the camera moving slowly past a pavilion in a Tokyo park until, around the corner, we see, again from behind, the old couple seated, eating their lunch—a moment of inexplicable, deep poignancy.

One of the book’s five essays, Ozu’s Mother by Darrell William Davis, discusses the tracking shot in detail:

In a new location, a rare, exterior tracking shot shows the old couple resting on a curb at a temple and reflecting on “how vast Tokyo is” and “we would never meet again if we got lost.” Here the two old people go their separate ways. In a subsequent scene Tomi recalls this was Ueno Park, the site of Kan’eiji, the family temple of the Tokugawa. The Tokugawa name is synonymous with the shogunate, its two-and-a-half-century feudal reign, and Edo (the pre-Meiji name for Tokyo), which owes its existence to the Tokugawa. Formerly “the abode of foxes,” then coming to mark the graveyard of the Tokugawa hegemons, Ueno in the twentieth century served as habitat for the postwar homeless, particularly for migrant laborers from the North (and more recently from Iran) who arrived in Ueno station with no place to go…

The metonymic and retrospective use of Ueno Park is an in-joke based on a simple attribution. We accept it as Ueno Park because it has been so designated by Tomi after the fact, not because it has been specially announced. Instead, it is obliquely hinted at by the reference to homelessness and by the almost surreptitious tracking shot.

Wall topped with funerary markers in Ueno ParkMuch of this strikes me critical oneupmanship, a desire to discover formal or stylistic meanings in the film that have gone unrecognized by other critics. I don’t recall seeing Tomi refer to Ueno Park in “a subsequent scene”; nor could I find that piece of dialog in either the English version of the screenplay translated by Donald Richie and Eric Klestadt—I’ve yet to check the Japanese version in the second volume of Ozu’s Complete Works (小津安二郎全集). Perhaps Ozu associated Ueno Park with homelessness but it’s equally probable that he recalled a beautiful stone wall topped with funerary markers, realizing that he could use it to reveal his elderly couple (and perhaps prefigure Tomi’s death).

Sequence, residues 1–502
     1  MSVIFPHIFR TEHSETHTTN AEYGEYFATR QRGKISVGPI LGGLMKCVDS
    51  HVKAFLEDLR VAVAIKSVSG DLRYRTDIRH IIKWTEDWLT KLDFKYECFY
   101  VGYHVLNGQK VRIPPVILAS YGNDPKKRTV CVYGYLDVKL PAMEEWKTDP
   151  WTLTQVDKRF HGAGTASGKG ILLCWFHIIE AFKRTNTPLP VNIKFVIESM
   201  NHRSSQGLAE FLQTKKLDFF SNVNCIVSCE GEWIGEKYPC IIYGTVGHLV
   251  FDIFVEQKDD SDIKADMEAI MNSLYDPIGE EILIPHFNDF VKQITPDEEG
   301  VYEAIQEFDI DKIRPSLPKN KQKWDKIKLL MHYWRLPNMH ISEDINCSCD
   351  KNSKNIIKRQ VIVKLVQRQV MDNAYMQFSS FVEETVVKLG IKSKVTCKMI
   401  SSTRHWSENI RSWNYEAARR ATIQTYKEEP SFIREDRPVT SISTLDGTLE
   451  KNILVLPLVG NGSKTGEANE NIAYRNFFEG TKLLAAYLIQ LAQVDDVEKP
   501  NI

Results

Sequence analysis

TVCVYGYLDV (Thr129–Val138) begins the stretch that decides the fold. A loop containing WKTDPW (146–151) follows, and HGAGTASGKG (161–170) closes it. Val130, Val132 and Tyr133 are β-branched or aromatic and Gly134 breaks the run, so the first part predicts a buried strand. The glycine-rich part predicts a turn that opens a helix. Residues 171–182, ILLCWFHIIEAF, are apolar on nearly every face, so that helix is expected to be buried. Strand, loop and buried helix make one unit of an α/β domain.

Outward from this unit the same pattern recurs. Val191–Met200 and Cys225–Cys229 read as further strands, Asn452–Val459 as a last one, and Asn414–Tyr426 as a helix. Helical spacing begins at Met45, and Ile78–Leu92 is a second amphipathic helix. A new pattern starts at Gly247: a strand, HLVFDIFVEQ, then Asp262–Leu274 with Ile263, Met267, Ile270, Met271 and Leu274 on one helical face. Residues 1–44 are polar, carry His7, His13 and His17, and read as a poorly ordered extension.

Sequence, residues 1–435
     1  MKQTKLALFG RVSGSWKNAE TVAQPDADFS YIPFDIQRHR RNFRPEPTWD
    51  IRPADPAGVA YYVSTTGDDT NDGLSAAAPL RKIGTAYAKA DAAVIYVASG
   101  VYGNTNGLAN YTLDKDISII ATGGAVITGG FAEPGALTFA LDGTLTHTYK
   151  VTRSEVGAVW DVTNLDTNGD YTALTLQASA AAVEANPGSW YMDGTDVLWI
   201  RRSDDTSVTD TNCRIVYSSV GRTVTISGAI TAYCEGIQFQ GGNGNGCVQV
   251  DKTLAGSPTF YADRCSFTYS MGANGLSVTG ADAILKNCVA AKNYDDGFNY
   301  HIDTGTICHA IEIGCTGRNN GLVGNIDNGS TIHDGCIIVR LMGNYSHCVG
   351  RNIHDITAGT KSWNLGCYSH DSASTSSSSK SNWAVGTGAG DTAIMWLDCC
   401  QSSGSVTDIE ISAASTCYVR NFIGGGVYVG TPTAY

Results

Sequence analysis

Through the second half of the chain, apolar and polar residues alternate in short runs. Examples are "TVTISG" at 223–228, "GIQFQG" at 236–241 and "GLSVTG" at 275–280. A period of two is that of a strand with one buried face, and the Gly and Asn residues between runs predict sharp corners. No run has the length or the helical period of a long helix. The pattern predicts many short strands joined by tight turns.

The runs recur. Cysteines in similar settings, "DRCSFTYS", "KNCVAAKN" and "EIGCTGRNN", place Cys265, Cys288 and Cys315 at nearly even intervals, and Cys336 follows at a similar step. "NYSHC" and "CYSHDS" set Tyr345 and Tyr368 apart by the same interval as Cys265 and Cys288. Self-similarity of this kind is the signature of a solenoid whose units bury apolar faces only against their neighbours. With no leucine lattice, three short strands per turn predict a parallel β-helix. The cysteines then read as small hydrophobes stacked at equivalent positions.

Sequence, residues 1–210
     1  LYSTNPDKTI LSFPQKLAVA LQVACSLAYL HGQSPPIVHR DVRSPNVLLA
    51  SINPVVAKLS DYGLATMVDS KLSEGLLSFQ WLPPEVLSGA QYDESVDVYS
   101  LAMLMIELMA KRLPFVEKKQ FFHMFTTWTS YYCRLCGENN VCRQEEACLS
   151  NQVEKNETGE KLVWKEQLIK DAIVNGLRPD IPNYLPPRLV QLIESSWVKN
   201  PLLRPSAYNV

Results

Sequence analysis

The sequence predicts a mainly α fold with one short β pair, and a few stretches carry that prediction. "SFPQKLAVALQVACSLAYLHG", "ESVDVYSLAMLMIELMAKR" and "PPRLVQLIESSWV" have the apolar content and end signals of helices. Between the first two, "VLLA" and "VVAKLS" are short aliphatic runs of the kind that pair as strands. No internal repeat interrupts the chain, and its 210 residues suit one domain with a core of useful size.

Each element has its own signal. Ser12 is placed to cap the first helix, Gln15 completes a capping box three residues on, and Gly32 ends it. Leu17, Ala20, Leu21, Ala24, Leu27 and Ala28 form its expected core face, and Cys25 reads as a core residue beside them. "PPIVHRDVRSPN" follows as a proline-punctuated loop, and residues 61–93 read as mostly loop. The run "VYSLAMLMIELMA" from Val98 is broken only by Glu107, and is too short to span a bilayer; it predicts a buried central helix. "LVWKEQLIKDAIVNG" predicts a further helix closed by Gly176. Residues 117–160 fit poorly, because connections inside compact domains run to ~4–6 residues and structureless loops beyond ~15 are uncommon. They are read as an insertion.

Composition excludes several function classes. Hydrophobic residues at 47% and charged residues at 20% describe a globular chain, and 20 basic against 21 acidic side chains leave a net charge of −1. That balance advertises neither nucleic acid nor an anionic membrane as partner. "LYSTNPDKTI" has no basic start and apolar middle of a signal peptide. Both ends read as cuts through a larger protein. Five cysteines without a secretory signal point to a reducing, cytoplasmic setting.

What is significant (and miraculous) about this tracking shot is its emotional power, its ability to evoke (in Kauffman’s words) “a moment of inexplicable, deep poignancy”, a purely cinematic moment that immediately had my face glistening with tears.

I’ll be curious, when I watch Tokyo Story again on DVD, to see whether the film (and that particular shot) has the same effect. For all the wonders of DVD—and these days I spend a lot of my spare time watching Japanese movies on DVD—seeing Tokyo Story at the cinema, as part of an audience in a huge darkened space (as Ozu intended), has made me wonder about the extent to which watching movies on a television screen negates the intent of the director, crew, and cast (at least for films which were made in the years before television became popular).